“Why on earth did you leave New Zealand?”
This is often the first question I am asked after the inevitable clarification of where my accent is from — usually confused with being English or Australian; even after 25 years, I cannot shake it.
I came to Montréal with my husband and 5-month-old daughter, Hannah, on a one-year contract for his new job.
Well, that one year has turned into a life sentence. We produced another two kids, have subsequently divorced but this is now home to me, us. …
To stick to the brevity rules, my biggest peeve is spoon-feeding.
All too often, my teaching colleagues feed students information to be successful in our exams, preventing them from employing their thinking skills to figure answers out for themselves.
They have the mindset that failures look bad on them, the teacher.
If the application of knowledge is not addressed, learning becomes a memory game. Students can’t determine the what, why and how because they don’t understand it.
Nurses require a sound knowledge base to quickly establish normal from abnormal; they also need a solid skill base to resolve presenting issues…
I have longed for the day that with my usually great, but sometimes not-so-great iPhone camera could capture a butterfly flitting about. Saturday was the day! This beautiful insect allowed me to take dozens of pictures; she was clearly distracted with the yummy nectar from this echinacea flower and didn’t notice the paparazzi — and she still hadn’t flown away when I was done.
It wasn’t until I got home and took a closer look at her that I realized her wing was a bit chewed; someone obviously took a chunk out of her at some point.
In the middle…
My true character has slowly started to proliferate my writings and comments here on Medium. At first, I sat back and observed, cautious of having an opinion in my own work or sharing my perspective on others. Perhaps it could be more akin to stalking — but nicely; not like some of those irritating scammers that are burgeoning the platform like leeches these days.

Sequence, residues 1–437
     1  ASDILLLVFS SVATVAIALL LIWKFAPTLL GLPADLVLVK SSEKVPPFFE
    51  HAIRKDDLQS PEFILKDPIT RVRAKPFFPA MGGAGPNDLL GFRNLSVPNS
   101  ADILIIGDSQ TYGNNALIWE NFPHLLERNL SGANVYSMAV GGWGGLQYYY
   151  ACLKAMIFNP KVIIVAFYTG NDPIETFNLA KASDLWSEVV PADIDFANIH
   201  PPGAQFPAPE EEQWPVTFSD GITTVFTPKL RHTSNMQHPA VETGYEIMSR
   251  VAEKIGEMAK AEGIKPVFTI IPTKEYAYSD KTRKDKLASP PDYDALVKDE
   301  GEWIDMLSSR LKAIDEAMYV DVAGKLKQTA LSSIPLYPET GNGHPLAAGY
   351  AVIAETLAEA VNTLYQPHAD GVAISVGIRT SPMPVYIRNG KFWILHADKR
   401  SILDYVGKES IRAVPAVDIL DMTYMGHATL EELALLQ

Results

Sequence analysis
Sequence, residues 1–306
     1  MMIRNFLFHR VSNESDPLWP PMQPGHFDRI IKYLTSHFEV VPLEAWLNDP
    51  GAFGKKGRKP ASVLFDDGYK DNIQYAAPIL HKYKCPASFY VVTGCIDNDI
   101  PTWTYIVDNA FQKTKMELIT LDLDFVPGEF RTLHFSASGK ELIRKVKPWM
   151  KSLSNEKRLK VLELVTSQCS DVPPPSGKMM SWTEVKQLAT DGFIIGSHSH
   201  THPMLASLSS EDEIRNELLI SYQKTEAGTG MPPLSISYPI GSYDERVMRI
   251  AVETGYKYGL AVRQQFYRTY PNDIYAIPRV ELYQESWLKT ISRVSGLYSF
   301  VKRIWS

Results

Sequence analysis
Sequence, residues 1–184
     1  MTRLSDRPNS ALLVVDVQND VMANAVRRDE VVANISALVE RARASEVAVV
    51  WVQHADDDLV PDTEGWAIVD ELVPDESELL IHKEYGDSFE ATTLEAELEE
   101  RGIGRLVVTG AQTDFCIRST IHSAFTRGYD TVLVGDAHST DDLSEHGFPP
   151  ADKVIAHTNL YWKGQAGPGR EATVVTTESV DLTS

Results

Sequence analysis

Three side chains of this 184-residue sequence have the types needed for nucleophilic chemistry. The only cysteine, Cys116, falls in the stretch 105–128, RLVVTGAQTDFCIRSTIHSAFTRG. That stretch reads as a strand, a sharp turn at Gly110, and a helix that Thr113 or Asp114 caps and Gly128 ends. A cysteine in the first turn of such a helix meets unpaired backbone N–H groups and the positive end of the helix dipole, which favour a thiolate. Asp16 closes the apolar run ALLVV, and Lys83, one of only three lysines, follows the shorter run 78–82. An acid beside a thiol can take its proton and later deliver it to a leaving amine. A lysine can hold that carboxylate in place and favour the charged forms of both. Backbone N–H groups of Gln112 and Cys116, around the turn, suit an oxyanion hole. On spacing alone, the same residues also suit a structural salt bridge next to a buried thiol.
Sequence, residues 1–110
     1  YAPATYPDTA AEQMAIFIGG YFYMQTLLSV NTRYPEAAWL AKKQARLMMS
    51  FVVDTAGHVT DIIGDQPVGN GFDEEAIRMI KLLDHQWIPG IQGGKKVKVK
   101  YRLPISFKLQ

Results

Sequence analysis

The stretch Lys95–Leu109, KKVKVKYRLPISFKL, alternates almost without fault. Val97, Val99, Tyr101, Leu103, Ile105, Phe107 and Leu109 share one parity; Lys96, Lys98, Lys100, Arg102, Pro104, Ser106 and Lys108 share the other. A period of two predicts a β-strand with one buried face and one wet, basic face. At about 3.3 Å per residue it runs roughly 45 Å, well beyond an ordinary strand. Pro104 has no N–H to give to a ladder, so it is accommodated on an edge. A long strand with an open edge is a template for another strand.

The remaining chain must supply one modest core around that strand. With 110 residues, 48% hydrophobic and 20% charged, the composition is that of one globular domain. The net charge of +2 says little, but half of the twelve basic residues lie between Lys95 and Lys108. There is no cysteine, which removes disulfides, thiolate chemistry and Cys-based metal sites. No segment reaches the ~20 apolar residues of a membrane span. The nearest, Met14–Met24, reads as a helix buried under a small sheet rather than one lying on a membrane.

I read other writers’ stories, took note of their style and subject matter, and admired their work through claps and generic comments.
I’ve always learned best through observation in both my nursing and teaching careers. It’s…
“The very first requirement in a hospital is that it should do the sick no harm.” Florence Nightengale
Nosocomial infections are commonplace in hospitals. The very place that you go to for help can cause more problems.
I’ve seen it all too often; a patient comes in for elective surgery such as a hip replacement and ends up with an infection, likely due to unsuspecting contamination during surgery. Sure, there are strict protocols in place from sterilizing equipment to aseptic techniques to ensure infections are prevented, but there is always the odd case that slips through those procedural cracks.
Having an ‘accent’ can be a truly wonderful thing.
Despite living in Canada for 26 years, I still — apparently — have a New Zealand accent. It’s usually confused with Australian.
It’s been my saving grace — especially when working at the hospital. School colleagues are accustomed to my twang — but when I mingle in unknown territory, it becomes a conversation starter.
I open my mouth; people spot I’m not Canadian. They’re intrigued I’m from down under — we’re few and far between here.
I often escape having to speak French because of my accent.
I had to pass a comprehensive French language exam to obtain my Quebec nursing license — and pass an English one to become a teacher.
I should write a long-form on this — I’ve much more to say!
My apologies to my Australian followers — especially Adrienne Beaumont.